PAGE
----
How Do Peace Orders Work in Maryland?

Maryland Peace Order

Peace Orders are a form of legal protection, designed to protect individuals from unwanted contact from others. The person that requested the peace order may be a neighbor, co-worker, acquaintance, or someone else. The order will usually require the person to stay away and refrain from any form of contact. However, there are some distinctions regarding peace orders to be aware of, which we’ll review carefully in this article.

What is a Peace Order?

Peace orders provide relief to people who are having issues with a neighbor, a coworker, or a stranger. A judge orders the offending individual to refrain from threatening, bothering, and contacting the person who the peace order is granted to. They will be required to stay away from their home, job, and/or school as well.

To receive a peace order, you must prove that one of the following occurred in the last 30 days and is likely to occur again:

  • Stalking
  • Harassment
  • False imprisonment
  • Rape or sexual offense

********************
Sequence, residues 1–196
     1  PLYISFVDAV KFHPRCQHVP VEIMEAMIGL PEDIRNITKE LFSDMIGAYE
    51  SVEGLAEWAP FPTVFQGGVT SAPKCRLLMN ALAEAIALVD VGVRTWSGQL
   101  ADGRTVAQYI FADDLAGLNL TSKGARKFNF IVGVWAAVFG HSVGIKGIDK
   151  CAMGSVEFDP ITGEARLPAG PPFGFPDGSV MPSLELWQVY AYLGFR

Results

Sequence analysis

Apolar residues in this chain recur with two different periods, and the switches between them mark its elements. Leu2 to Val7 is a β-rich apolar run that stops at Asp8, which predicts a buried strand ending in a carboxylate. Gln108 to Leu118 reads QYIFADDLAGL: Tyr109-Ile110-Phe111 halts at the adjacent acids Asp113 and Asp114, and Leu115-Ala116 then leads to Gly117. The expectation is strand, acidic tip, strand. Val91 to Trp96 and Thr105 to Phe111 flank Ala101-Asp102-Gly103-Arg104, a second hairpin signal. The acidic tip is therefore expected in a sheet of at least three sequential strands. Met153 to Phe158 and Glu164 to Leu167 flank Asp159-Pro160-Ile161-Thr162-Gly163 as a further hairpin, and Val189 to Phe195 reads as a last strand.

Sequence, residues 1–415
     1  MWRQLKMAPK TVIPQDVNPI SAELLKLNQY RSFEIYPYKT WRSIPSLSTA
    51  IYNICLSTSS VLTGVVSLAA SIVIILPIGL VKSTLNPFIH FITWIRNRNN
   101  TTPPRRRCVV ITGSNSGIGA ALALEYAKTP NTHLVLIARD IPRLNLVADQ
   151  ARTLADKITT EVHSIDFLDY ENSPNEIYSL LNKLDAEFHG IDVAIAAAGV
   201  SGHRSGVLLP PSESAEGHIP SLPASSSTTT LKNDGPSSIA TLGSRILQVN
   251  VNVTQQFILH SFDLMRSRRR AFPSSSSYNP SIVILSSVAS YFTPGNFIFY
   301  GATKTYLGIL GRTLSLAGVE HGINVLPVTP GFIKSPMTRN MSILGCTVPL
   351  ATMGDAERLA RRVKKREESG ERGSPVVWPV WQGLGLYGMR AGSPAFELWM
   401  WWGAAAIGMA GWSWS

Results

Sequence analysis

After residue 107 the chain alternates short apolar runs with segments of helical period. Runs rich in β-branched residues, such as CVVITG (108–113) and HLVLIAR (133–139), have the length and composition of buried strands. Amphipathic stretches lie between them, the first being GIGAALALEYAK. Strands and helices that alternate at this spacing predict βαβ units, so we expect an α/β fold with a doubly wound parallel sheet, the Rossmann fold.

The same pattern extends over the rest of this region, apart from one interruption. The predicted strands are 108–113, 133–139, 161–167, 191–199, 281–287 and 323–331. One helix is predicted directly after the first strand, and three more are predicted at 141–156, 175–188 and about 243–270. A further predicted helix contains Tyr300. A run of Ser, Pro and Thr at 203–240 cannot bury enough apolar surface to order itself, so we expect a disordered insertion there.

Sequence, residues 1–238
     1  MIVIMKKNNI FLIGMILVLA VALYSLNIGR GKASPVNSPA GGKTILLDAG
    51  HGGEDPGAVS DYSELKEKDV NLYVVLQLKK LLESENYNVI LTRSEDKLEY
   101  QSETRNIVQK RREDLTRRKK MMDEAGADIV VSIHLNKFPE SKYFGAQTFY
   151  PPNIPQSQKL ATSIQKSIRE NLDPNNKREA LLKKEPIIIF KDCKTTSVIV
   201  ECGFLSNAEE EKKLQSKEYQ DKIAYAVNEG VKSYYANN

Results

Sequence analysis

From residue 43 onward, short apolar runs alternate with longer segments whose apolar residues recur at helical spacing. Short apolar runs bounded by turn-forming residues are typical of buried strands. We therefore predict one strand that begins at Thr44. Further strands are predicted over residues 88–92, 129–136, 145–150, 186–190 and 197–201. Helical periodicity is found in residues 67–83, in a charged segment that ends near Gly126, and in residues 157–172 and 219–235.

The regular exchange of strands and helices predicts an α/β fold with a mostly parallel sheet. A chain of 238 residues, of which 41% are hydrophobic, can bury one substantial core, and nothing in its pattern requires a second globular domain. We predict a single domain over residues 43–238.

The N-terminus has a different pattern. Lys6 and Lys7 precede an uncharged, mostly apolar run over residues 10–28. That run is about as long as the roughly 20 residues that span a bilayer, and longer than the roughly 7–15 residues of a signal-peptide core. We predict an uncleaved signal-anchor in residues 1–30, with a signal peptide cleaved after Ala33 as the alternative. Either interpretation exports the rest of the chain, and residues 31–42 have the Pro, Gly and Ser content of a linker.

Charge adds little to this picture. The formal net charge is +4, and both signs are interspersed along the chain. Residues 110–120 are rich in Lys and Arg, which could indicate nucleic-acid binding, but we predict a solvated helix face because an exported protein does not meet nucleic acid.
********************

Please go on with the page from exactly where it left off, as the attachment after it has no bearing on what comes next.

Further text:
• Trespassing
  • Act that causes serious bodily harm
  • Act that causes someone to be fear imminent bodily harm
  • Assault
  • Malicious destruction of property


A final peace order stays in effect for at least 6 months, and may be extended for up to 6 months after its expiration. The district court in your county of residence has jurisdiction over peace orders.

What is a Protective Order?

In some cases, you may need to file a protective order, rather than a peace order. You should file a protective order if:

  • The individual you are seeking protection from is a current or former spouse
  • The individual you are seeking protection from is related to you by blood or adoption
  • You have children with the individual in question
  • You have lived with the individual in question in an intimate relationship for at least 90 days of the past year
  • You are a vulnerable adult
  • You have a sexual relationship with the individual in question without one year before filing the petition.

The district and circuit courts in your county of residence have jurisdiction over protective orders.

No one should have to live in fear. If you’re considering filing for a peace or a protective order, talk to Akman & Associates, LLC, about the best way to proceed.